Generally his decisions work. Any frowns I found myself making over his use of language were minor and, as readers must, I went with him and tried to give in to his choices. However, as the story progressed I found this more and more difficult; phrases as ‘… he is singing the light’ , ‘he betrays the light’,’…the God is rapturous …’, ‘I am blinded in white flame’, ‘he has to bring him towards the light,’ ‘to never again be in light.’ So many uses of this word ‘light’ that such phrases, as they peppered the pages more and more in the later stages of the work, became meaningless. The language reminded me of second-rate TV evangelists who use generalisations and ambiguity to hide uncertainly, to impress, not to inform. I lost trust in the writer; I thought Tsiolkas himself did not know what he meant. And the editors must take some responsibility for this.

It is the story of the adult Paul, St. Paul, the Paul who has been credited with writing a large chunk of the New Testament, also known in Hebrew as Saul. Tsiolkas doesn’t tell the tale linearly, but in seven sections, each one concentrating on characters in Paul’s life, some in the 1st person, some in the 3rd: a young mother, Lydia, from Antioch whom he converts; his jailer, the crippled soldier, Vrasas, in Rome; his disciple Timothy. But also around Paul himself: his early persecution of Christians; his blindness, his imprisonment, his death?  jumping decades back and forth between 35, and 87 CE twenty three years after his death.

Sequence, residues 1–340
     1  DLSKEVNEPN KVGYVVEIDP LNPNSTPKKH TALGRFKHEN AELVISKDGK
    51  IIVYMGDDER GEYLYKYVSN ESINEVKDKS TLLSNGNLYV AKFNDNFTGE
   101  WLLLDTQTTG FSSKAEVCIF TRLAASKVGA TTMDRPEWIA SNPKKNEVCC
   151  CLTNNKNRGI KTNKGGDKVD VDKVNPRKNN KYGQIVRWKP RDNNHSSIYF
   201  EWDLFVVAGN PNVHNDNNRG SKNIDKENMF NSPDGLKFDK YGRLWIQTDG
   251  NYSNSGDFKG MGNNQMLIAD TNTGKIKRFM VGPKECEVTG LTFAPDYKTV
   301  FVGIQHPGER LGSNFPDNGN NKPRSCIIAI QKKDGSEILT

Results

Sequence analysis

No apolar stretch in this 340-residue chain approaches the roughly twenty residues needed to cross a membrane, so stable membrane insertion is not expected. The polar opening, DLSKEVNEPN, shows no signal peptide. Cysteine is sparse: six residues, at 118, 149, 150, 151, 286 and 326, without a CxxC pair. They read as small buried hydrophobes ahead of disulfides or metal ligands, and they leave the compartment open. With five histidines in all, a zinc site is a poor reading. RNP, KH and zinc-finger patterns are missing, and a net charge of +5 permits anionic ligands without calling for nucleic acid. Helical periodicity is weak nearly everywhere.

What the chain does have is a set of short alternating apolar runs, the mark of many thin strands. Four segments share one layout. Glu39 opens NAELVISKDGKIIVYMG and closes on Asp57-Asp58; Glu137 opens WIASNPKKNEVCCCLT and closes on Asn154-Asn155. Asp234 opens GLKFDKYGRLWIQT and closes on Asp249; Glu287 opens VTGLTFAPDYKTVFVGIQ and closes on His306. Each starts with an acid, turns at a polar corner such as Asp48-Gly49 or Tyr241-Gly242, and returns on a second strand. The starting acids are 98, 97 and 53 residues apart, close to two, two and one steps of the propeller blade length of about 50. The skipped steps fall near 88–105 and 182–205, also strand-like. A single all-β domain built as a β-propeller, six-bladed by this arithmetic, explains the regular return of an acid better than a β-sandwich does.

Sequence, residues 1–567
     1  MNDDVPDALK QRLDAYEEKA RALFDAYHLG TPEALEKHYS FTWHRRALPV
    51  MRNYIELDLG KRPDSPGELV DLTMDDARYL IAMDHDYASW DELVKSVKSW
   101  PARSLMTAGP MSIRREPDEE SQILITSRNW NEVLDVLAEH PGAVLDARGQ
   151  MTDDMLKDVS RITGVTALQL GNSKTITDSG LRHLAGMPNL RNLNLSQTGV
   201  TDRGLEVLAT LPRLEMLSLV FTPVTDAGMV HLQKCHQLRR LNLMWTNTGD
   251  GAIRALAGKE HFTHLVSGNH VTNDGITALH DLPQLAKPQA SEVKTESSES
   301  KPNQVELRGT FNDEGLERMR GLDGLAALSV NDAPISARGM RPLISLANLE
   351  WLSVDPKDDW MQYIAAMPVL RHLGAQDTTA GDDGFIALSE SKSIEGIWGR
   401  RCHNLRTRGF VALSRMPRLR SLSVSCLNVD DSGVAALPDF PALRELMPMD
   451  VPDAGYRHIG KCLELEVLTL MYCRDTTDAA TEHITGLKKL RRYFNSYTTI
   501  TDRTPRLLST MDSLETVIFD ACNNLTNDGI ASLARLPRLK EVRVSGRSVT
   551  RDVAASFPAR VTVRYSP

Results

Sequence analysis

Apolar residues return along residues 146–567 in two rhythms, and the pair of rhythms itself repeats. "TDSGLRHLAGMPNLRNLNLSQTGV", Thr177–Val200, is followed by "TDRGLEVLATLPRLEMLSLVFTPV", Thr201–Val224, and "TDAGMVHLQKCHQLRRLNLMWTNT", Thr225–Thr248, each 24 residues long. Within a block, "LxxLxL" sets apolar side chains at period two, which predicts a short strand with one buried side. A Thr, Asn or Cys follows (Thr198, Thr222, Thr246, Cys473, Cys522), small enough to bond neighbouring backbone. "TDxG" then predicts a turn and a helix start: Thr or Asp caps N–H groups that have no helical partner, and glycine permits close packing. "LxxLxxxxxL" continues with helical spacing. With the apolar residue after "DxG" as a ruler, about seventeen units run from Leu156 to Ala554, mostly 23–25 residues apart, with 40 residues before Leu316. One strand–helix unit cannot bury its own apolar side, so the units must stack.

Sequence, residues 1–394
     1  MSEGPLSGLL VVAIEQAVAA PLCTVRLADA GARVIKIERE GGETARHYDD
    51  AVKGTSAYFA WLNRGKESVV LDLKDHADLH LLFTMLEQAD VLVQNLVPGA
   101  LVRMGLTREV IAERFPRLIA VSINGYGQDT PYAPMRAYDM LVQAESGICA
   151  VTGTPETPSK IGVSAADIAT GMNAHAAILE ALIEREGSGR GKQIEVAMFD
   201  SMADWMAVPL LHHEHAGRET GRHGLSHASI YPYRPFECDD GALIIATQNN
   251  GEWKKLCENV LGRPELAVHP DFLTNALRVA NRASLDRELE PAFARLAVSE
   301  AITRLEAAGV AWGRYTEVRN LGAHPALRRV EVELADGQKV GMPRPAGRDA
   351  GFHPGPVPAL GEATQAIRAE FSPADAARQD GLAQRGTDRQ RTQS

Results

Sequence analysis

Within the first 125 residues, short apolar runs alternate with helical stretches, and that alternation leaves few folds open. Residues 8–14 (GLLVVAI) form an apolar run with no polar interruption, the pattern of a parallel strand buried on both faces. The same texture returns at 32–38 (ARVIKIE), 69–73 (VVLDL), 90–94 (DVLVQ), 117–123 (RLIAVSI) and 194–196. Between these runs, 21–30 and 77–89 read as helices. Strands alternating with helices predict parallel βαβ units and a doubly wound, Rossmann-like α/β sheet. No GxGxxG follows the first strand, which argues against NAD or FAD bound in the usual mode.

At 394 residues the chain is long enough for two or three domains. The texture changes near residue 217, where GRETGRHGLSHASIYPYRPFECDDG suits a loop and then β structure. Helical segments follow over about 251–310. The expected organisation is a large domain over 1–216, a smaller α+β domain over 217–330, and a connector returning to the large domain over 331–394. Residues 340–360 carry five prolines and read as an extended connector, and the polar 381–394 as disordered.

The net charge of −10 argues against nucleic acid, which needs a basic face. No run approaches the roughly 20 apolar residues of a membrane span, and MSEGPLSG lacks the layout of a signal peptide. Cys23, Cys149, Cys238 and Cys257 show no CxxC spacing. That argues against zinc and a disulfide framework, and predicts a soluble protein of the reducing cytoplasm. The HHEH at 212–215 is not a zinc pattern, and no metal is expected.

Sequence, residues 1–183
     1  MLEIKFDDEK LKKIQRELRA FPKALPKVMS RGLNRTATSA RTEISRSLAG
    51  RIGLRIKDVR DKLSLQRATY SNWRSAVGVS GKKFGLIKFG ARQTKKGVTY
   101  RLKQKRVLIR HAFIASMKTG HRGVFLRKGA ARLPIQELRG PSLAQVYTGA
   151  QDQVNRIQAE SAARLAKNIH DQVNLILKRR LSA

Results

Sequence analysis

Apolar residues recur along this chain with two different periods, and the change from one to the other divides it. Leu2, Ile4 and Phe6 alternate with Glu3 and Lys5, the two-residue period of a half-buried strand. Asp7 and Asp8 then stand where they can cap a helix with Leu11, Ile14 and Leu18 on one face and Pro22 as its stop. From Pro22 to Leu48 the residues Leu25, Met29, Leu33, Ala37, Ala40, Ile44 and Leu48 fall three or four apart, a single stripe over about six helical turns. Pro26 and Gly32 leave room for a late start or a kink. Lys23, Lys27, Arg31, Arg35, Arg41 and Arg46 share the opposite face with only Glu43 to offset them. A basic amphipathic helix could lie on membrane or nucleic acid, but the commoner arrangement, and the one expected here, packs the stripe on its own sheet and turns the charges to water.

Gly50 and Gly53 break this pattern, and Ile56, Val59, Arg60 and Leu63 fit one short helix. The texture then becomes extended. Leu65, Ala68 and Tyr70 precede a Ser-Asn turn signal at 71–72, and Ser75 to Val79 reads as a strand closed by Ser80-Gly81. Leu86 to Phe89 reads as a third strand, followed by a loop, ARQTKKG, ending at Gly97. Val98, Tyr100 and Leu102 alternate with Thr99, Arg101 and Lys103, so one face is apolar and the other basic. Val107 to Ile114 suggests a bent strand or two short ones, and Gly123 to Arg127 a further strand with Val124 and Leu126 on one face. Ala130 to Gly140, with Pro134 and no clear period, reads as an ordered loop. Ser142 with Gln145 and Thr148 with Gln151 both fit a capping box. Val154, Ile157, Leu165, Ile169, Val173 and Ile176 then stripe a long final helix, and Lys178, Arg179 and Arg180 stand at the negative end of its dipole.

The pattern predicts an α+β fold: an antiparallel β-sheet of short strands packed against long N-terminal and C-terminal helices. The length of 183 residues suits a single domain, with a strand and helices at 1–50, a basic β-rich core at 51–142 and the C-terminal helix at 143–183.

As a piece of imaginative writing it is astounding in its detail but the writer’s attempt to build the tale’s veracity for a modern readership failed for this reader. I was outside of the story, watching it, knowing it was just a story with no emotional involvement. He made too many little decisions but not enough big ones. Too many times I was told how a character feels, never shown. Tsiolkas lost me, disappointed me, but I read it, well, skimmed it, through to the end.